As remote working prevails through the pandemic, SaaS providers of all sorts will see significant growth. Gartner projects that SaaS will remain the dominant cloud market segment by revenue, growing to $117.7 billion by the end of 2021. PaaS-based application services will see even greater growth, driven by enterprise customers’ increasing reliance on cloud-native, containerized, and serverless cloud platforms.
Multicloud serverless offerings (Vendia, Microsoft, Red Hat etc) are predicted to dominate the biggest PaaS growth segments in 2021. These offerings, combined with associated low-code platforms will feature in the essential stack of more enterprise application modernization, digital transformation, and business continuity strategies.
Intelligent edge will become the principal cloud on-ramp
The global shift to remote working in the past year triggered a boom in mobile technology, AI (artificial intelligence)-powered automation, autonomous robotics, and industrial IoT (Internet of Things) platforms.
The next year will see public cloud providers shift significant portions of their workload towards intelligent-edge platforms, in a bid to deliver the low latencies required by these applications. According to projections by Frost & Sullivan, approximately 90% of industrial enterprises will use edge computing over the next year, with the demand for cloud-to-edge applications skyrocketing as 5G continues to be rolled out across the globe. More of these workloads are also projected to implement edge-based, AI-driven processing of smart sensor data as well as Tiny ML (machine learning) workloads.
In 2021, IBM/Red Hat, Hewlett Packard Enterprise, and Microsoft will make significant investments in their in-house strategic 5G/edge/AI platforms launched in 2020. Nvidia will automate the delivery of AI apps to cloud-to-edge and hybrid-cloud environments by leveraging its Arm acquisition. This will fuel the demand for software-defined wide area networks to the benefit of VMware, Cisco, Juniper, Arista, and other vendors within this space.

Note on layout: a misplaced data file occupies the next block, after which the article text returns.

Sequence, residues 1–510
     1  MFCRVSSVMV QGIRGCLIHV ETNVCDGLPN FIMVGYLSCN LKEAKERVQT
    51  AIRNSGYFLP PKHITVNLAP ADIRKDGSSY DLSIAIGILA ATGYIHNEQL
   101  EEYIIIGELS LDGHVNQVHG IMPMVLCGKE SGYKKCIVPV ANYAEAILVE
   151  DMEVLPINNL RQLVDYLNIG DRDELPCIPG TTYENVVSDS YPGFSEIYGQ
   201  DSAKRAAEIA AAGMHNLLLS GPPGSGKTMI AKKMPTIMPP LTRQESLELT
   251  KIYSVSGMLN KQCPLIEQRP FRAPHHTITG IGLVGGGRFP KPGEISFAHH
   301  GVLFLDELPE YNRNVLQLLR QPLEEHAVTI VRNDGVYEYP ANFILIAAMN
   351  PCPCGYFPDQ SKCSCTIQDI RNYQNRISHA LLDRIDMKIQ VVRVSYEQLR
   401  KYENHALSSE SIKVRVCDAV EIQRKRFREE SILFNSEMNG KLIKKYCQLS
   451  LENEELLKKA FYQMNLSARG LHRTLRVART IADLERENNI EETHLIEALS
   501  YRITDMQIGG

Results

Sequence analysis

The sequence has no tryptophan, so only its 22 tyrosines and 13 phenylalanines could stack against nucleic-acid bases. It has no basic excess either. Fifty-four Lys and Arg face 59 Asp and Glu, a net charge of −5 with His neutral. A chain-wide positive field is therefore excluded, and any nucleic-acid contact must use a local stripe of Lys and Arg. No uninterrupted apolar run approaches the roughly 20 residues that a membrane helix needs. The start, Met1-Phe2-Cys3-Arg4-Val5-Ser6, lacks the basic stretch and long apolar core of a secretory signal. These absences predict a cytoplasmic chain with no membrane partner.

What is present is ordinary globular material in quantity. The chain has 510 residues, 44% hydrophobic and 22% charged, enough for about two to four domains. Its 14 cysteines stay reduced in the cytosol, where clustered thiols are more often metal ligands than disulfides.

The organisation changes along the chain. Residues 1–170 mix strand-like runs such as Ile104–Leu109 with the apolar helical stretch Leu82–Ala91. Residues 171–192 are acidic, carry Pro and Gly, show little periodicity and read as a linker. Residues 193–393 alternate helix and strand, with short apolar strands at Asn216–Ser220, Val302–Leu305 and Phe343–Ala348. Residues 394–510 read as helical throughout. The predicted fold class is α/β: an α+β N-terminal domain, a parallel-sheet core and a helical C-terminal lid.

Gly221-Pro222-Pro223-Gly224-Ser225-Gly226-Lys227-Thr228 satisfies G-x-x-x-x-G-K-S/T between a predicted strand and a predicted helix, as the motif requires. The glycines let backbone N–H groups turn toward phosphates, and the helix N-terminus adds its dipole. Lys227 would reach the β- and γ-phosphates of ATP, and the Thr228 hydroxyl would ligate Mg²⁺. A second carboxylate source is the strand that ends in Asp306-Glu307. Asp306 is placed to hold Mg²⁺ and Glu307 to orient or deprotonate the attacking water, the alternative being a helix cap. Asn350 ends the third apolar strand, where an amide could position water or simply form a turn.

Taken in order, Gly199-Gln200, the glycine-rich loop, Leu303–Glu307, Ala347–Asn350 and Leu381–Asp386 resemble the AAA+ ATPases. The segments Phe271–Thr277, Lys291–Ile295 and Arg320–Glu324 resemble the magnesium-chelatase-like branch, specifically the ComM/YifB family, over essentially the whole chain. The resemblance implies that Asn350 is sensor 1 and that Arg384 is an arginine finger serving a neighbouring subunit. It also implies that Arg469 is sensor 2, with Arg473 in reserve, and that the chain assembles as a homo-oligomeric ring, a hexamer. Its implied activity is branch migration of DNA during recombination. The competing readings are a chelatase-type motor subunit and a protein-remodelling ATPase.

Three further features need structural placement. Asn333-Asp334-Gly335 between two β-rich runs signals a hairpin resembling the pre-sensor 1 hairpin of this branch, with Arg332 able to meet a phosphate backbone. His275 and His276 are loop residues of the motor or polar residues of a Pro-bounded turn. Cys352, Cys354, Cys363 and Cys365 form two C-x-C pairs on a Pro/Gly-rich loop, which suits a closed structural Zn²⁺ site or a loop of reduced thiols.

Big Tech will gravitate towards open partner ecosystems in response to regulatory pressure
Towards the end of 2020, Amazon, Microsoft, Google, and other Big Tech companies faced legislative pressure requesting for dismantlement, due to anti-competitive practices. This will define strategic acquisitions in the next year, with these major and other dominant cloud providers slowing down on their strategic acquisitions, while shifting towards open partner ecosystems. Going forward, large cloud providers will position their offerings as back-end fulfilment within partner-led enterprise deals in a bid to downplay the effort of using multicloud and hybrid cloud solutions to migrate enterprise workload from legacy, on-site platforms.
Cloud talent will be trained using augmented reality
On the part of professionals working within the cloud space, enterprises will adopt augmented reality tools to offer training and guidance to distributed cloud technical staff.
As with all businesses, there is a need to ensure that safety, health and productivity of employees remain paramount within socially-distanced work environments. This calls for an innovative approach such as augmented reality, to facilitate training at scale. This way, large players (such as Amazon) can deliver on their attempts to train 29 million people worldwide to work in cloud computing. Under the best of conditions, training at this scale would be impractical to conduct in-person so it is evident that the cloud computing industry’s biggest challenge is finding, training and equipping enough skilled people to support businesses digital transformation initiatives.